BioReliance Corp. has won a contract to manufacture smallpox vaccine for the U.S. military at its new, $24 million Rockville plant, providing the latest example of Maryland's fledgling identity as a place where biotech drugs are discovered and made.
The plant, which quietly began making its first products in June, is at least the second major biotech plant along the Interstate 270 Technology Corridor to begin production in less than a year.
BioReliance initially will provide an undisclosed number of vaccine doses for stockpiling, with the capacity to produce up to several million doses if needed. The vaccine is designed to protect troops in the event of bio-warfare involving smallpox, a disease eradicated worldwide in the 1970s.
The company said it expects to eventually employ up to 75 at the new plant, which adds 58,000 square feet of manufacturing space to the 11,000 it already has in Rockville for drugs involved in early-stage testing. While BioReliance declined to disclose financial terms of the deal, Chief Executive Officer Capers W. McDonald said yesterday that the contract potentially is the company's largest ever.
"We've had multiyear contracts that over five years amounted to $20 million," he said. "This has the potential to be even bigger."
The development comes on the heels of MedImmune Inc.'s December announcement that its $50 million plant in Frederick had gained approval from the Food and Drug Administration. The plant now is making the company's financially successful vaccine against a respiratory virus that affects infants.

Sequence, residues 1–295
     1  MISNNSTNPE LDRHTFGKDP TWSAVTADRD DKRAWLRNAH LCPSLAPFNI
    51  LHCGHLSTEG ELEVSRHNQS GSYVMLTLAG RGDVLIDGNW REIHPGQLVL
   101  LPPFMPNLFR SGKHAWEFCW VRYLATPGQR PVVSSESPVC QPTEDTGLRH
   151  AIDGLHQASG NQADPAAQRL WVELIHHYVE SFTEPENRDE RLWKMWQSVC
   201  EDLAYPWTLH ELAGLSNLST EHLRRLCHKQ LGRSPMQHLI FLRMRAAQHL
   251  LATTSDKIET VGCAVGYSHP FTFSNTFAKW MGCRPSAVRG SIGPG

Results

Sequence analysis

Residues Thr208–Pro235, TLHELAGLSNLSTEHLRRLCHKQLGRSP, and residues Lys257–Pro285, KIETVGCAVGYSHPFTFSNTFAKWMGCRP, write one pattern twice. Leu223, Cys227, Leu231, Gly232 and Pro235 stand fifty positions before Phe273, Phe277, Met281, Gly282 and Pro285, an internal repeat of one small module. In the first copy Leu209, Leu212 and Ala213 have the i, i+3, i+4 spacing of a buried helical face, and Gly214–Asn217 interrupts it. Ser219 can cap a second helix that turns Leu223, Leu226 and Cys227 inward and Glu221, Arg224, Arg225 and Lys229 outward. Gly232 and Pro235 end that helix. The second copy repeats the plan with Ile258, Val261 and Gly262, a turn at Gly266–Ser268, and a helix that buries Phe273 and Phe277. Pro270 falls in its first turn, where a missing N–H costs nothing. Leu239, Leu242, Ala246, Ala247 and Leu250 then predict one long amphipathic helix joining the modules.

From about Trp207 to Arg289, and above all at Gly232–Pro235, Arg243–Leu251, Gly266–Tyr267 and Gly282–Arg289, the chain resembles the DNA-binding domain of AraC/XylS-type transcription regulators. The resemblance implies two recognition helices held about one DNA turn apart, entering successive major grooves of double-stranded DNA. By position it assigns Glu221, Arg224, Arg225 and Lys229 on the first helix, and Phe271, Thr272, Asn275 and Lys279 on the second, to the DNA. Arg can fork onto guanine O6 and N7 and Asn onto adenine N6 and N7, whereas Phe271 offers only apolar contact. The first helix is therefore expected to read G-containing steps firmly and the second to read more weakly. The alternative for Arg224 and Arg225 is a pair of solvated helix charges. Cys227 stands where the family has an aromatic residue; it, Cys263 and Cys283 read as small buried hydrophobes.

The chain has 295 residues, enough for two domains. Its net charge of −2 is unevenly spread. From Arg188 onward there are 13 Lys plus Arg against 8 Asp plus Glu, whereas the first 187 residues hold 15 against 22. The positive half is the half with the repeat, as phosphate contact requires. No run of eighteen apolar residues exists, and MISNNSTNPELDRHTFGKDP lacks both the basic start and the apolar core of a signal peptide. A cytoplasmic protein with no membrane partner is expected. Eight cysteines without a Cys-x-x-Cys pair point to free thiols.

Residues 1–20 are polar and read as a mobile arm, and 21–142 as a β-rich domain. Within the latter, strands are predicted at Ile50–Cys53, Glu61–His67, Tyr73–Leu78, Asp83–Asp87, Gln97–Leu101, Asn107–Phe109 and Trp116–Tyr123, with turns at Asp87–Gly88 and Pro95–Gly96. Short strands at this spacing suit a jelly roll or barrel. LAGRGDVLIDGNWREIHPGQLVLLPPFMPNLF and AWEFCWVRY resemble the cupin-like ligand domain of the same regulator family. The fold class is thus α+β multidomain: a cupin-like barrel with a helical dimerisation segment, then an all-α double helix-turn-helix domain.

In addition, Human Genome Sciences Inc. - which already operates an 80,000-square-foot Rockville manufacturing plant that makes drugs being tested in clinical trials - is building again. The company soon will have 160,000 square feet of manufacturing and quality-control space, some of which will open in October.
Those recent successes may seem modest when compared with the capacity of a single major pharmaceutical company. New Jersey-based Merck & Co. Inc., for example, has 31 plants and 16 distribution centers in 25 countries. And HGS Chief Executive Officer William A. Haseltine, whose company is among those that have received aggressive incentive packages from the state, warns that decisions on where to build manufacturing space are driven purely by analyzing the costs and benefits in a particular location.
"The choice of Maryland is not a choice forever," he said yesterday. "It is a choice based on comparative economics. ... So far, Maryland has been a hospitable environment for us and others."
While figures on the amount of biotech manufacturing space in the state couldn't be obtained, officials estimate that 40 percent of the several hundred biotech companies doing business here are contract manufacturers. Not long ago, a common business-community lament was that the area's success in fostering government and private biotech research has yet to translate into significant manufacturing operations - a driver of jobs and economic impact.
The realization triggered a number of moves designed to foster manufacturing, including the government-sponsored start-up of the Maryland BioCenter. The East Baltimore center was designed to handle the production of biologically engineered drugs and vaccines during the "early stage" testing required to bring a drug to market.
The state also has formed an alliance with Scotland to encourage biotechnology companies in the two regions to strike business relationships, collaborate on research and consider setting up satellite operations on one another's turf before looking elsewhere. Lt. Gov. Kathleen Kennedy Townsend is to formalize the agreement Tuesday in Scotland.
State incentive packages for companies including MedImmune and BioReliance were designed to help create a snowball effect of development. Publicly traded BioReliance received a loan from a state fund that will be interest-free if job-creation goals are met. MedImmune got an incentive package that included a similar loan, and the company since has generated profits and a market capitalization of nearly $15 billion.
"This is no longer an industry in its infancy," said Martha Connolly, a biotechnology specialist in the Maryland Department of Business and Economic Development. "It's really not even in its adolescence. Companies like MedImmune have shown us we've arrived."